Tuesday, 28 May 2024

US Army Physical Fitness Test (AFPT)

The US Army takes fitness assessments seriously for both new recruits and serving soldiers. In this article, we will discuss the fitness requirements and standards set by the Army. Please note that this information is subject to change, and we recommend referring to official sources for the most up-to-date information. Let’s dive into the details!

Occupational Physical Assessment Test

The Occupational Physical Assessment Test (OPAT) is a battery of four physical fitness test events used to evaluate the physical capabilities of new Army recruits. These test events include:

  1. Standing long jump: Measure your jump for distance.
  2. Seated power throw: Throw a 2kg medicine ball as far as possible with your back against a wall.
  3. Strength deadlift: Test your lower body strength.
  4. Interval aerobic run: Participate in the shuttle run “beep test” to assess your aerobic fitness.

Army Combat Fitness Test

The Army Combat Fitness Test (ACFT), previously known as the Army Combat Readiness Test, is a newly designed fitness testing protocol that closely simulates the physical actions performed by Army personnel on the battlefield. Starting in October 2020, all Soldiers will be required to take the new gender and age-neutral test. The scoring system is still being finalized, but it is expected to be a gender and age-neutral system with 100 points available for each of the six events, and a minimum standard of 60 points.

The only component carried over from the previous testing protocol is the 2-mile run. For more detailed information on the current test, please refer to the Army Physical Fitness Test described later in this article.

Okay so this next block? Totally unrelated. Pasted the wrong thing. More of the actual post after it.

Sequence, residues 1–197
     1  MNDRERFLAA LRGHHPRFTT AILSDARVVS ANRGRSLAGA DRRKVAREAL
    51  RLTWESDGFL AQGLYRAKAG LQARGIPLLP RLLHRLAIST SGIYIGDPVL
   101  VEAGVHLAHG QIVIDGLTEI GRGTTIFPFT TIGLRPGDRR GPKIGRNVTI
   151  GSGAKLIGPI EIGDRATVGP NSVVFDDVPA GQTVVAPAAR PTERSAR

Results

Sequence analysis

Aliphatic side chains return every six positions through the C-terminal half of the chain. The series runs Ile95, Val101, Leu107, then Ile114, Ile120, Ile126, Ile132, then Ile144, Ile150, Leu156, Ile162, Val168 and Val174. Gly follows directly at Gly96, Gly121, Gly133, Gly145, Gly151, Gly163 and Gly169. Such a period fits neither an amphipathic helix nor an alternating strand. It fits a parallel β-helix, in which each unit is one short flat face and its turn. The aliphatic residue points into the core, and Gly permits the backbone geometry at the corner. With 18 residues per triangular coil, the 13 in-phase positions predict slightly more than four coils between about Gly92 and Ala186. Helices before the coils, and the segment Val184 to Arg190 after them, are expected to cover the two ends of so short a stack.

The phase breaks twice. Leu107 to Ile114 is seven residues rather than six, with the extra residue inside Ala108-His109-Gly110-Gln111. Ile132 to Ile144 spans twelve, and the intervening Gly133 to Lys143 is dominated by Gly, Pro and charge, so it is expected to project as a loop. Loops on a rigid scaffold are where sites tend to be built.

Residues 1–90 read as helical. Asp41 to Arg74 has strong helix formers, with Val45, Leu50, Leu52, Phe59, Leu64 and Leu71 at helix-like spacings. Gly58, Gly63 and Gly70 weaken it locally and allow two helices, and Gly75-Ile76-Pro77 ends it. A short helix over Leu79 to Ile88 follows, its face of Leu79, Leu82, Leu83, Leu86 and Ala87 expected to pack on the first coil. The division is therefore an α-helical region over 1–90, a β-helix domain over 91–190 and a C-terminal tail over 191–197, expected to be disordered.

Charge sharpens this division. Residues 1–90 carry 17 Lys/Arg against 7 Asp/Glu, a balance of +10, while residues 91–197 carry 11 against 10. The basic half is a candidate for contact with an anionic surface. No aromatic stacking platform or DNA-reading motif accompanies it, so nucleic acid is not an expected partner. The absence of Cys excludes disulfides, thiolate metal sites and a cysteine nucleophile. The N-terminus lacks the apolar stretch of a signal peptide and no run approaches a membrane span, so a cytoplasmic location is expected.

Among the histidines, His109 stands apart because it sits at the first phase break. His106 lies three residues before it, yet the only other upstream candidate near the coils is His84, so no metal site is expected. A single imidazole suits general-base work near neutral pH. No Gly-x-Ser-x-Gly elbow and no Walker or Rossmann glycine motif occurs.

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The 6 Tests of the ACFT

  1. 2-Mile Run: Run 2 miles (3.22km) as fast as possible.
  2. 250-meter sprint/drag/carry: Start in the prone position, sprint 25 meters to the far line, return to the start line, pull a sled backwards to the far line, return with the sled to the start line, grab two 30-pound kettlebells and run 25 meters to the far line, return with the kettlebells to the start line, drop the kettlebells, sprint 25 meters to the far line, and return to the start/finish line.
  3. Max Weight Deadlift: Test your lower body strength with a 3-repetition max using the deadlift exercise.
  4. Leg Tuck: Hang from a climbing bar with alternating grip, flex your elbows, hips, and knees to bring your knees up and touch your elbows, then return to the hanging position. Repeat as many times as possible.
  5. Standing Power Throw: Toss a 10-pound medicine ball backward over your head for maximum distance.
  6. Hand Release Push-up: Start in the down position, push your body into the up position, lower your body to the ground, momentarily lift your hands off the ground, and return to the starting position.

The Army Physical Fitness Test (soon to be outdated)

The APFT is designed to assess the muscular strength/endurance and cardiovascular respiratory fitness of soldiers in the US Army. Army personnel are required to take the APFT every 6 months, unless they have an injury or a valid reason for not participating. The APFT ensures that soldiers maintain their physical fitness and readiness.

The testing battery for the APFT consists of three tests: